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Creativity: Switch or Rheostat?

December 15, 2014

When I show my writings, my drawings, or even my magic to people they will (I hope) admire it, and then they'll often say something like:

 

"Gee, I wish I was creative."

 

The assumption they make is that creativity is a binary state, a condition that either exists or not, and because they cannot or do not make things just like mine, their personal creativity circuit breaker is flipped.  ("Right here's your problem; ya got this thing set to 'Uncreative'.")  Even more disheartening are those people who believe that the switch doesn't even exist--you either got it or you don't, and they don't.  How sad, to believe that about yourself, especially since I think it is utterly untrue!

 

I believe creativity is part of the essential condition of humankind.  Every single person in the world is capable of creating something.  Mind you, not everything they create is created equal; I'm not trying to compare my scribblings with the Mona Lisa, for example.  But imagine, instead of a two-position switch, a sort of rheostat that goes from low to high, encompassing every position in between and you start to see how I think of creativity.  Everyone has SOME, but some have more--and some shine so brightly that the rest of us seem to be in the dark by comparison.

 

Even this metaphor is too simplistic, however.  Creativity, the way I see it, is not a trait in and of itself, to be turned up or down depending on the position of the switch.  Rather, it's an amalgamation, a spiritual compound made up of at least three separate ingredients, or a coordinate system with at least three distinct axes:

 

1) IDEAS AND INSPIRATION.  Our X-axis is the lightbulb moment, the thought, the concept.  A lot of creation starts with this (though not all), but you need lots of them to create reliably.  Furthermore, if all you do is state this idea out loud, then you have created something.  It's not big, and it may go nowhere else, but congratulations: you're creative.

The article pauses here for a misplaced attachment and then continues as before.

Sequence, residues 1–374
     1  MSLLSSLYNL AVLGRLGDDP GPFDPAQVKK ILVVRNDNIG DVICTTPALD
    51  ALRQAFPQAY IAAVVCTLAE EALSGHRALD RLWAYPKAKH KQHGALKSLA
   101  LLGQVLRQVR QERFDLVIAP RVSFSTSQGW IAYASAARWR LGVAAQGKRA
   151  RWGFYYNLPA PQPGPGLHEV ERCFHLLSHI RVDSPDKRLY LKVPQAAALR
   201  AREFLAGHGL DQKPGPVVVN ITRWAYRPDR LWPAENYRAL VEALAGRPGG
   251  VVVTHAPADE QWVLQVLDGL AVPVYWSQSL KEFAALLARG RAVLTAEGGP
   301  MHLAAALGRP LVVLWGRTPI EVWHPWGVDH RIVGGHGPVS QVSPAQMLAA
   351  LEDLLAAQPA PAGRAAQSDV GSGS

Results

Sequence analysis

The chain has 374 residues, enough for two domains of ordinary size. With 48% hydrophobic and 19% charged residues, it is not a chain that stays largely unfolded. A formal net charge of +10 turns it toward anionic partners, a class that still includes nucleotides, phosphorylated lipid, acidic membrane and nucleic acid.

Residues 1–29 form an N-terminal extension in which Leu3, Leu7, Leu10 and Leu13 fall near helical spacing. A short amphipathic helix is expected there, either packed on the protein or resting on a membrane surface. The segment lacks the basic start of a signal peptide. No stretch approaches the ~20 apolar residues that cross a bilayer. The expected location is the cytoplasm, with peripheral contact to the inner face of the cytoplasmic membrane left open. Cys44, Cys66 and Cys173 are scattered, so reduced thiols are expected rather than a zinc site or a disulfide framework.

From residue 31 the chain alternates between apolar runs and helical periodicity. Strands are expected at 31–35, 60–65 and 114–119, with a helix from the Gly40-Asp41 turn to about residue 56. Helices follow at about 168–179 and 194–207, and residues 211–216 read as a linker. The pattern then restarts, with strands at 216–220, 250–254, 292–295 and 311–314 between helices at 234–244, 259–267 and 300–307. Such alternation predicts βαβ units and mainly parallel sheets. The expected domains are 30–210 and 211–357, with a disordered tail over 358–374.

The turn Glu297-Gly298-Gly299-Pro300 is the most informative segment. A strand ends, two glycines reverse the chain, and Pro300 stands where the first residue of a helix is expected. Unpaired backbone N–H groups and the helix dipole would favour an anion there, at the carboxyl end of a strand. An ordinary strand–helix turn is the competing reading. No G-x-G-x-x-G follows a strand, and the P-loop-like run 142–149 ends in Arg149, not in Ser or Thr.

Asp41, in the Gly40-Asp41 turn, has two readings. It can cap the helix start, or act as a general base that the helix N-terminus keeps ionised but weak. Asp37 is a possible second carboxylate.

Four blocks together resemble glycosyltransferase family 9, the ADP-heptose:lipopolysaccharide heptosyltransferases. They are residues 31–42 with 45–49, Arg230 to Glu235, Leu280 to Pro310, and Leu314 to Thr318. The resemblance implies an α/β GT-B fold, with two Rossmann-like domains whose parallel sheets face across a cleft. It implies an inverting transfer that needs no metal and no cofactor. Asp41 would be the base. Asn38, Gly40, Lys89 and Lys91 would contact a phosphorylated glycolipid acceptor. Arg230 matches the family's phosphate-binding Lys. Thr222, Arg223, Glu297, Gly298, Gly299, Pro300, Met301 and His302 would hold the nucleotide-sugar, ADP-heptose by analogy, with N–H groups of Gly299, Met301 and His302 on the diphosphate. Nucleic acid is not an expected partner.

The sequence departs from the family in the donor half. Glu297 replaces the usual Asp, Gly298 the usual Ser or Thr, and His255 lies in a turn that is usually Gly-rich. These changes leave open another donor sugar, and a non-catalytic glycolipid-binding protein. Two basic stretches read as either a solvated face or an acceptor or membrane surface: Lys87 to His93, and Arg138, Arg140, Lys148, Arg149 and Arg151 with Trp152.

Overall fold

2) PASSION AND DESIRE.  Ooh, sexy.  No, not that kind of passion.  I mean the drive to do something, to bring an idea farther than the idea stage.  Passion and desire, the Y-axis of our graph, is the motivating factor that gets you to spend time developing ideas and seeing where they lead.  It can help overcome deficits in the other axes, because the more passion you have for a project, the more likely you are to stick with it.

 

3) TALENT AND SKILL.  When people say they wish they were creative, this is what they most often mean.  The Z-axis of the graph is the actual ability to make or build or write or draw or whatever, and many people lack it because they don't have the driving need to obtain the skill.  Sure, some people have more natural talent than others, but with enough time and energy you can acquire the skills that will allow you to create the way you want.

 

So take a long hard look at your own particular creativity plot.  Do you have an idea?  LOTS of ideas?  Great, so how much passion and desire do you have--how badly do you want to express those ideas?  Enough to set aside time to work at it, and build your skills?  If not, that's fine--but don't come to me complaining that you're not creative, because that's just plain wrong.  I've got the graph to prove it.

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